How to Get Creases Out of Leather Seats
White leather coach isolated image by TekinT from Fotolia.com
Nothing smells or looks as opulent and fresh as leather seats. Leather feels good and it wears well, which is why it is used to make seats for home furniture and cars. Leather requires only minimum care to keep it looking new and vibrant.
After some time, even the best-made leather seats will begin to show wear and tear. One of the more troubling problems with worn leather is creasing. You can fix this at home by yourself.
- Nothing smells or looks as opulent and fresh as leather seats.
- Leather feels good and it wears well, which is why it is used to make seats for home furniture and cars.
Smooth out the area that is creased with the palms of your hands. Get an idea of how large the creased area is and choose the size of the bag based on that.
Plug your iron into a working electrical socket. Find the lowest setting on your iron and preheat it to that setting.
Take the paper bag and lay it on the area that is creased. Flatten it with your hand as much as possible.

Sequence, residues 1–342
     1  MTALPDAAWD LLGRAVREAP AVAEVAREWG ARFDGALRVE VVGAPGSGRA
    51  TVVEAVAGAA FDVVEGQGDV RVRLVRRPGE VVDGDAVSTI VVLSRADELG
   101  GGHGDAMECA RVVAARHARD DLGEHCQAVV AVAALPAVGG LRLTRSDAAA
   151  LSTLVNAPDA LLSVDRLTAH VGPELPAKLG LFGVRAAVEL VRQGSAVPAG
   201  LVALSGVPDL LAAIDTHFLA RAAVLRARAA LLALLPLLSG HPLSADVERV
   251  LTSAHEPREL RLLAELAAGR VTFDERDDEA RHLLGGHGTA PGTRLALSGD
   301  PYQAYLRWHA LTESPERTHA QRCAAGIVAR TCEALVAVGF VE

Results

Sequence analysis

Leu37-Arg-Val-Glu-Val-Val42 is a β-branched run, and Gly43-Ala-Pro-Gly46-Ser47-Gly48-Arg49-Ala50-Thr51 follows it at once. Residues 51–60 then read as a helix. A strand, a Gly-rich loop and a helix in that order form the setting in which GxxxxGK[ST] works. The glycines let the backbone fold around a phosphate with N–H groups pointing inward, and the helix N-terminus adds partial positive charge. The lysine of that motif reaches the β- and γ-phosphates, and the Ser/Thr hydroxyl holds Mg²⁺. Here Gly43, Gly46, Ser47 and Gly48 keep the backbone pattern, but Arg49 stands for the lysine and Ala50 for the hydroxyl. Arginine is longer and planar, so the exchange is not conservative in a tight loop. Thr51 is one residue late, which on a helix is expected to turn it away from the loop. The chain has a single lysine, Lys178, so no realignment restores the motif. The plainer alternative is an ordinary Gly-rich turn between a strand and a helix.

Place the iron on the paper bag and move it slowly over the creased areas. Do this two or three times, being careful not to allow the iron to remain in one place for too long.
- Avoid getting the creases by taking some preventive measures. Try to keep the sun from hitting the seats any more than necessary. If this is in your car, park in shady areas or use shades on the windows. For furniture, get sun reducing curtains or close the shades when the sun is coming in.
- Open the windows or use your air conditioning on very hot days. Heat makes the leather swell and when it shrinks back can cause wrinkles.
- Use leather conditioner four or five times a year to keep the natural moisture within the leather. You should use this on leather coats and boots, as well.
- Never use chemicals on the leather unless specifically meant for leather items.
Based in New Hope, Penn., Sherry Feder has been writing computer-related articles since 1987. Her work has appeared in “Inc.” and “Business 2.0” magazines and online at Wired. Feder received the John Goldenberg Award in 2006. She holds a Bachelor of Science in management information systems from the University of Central Florida.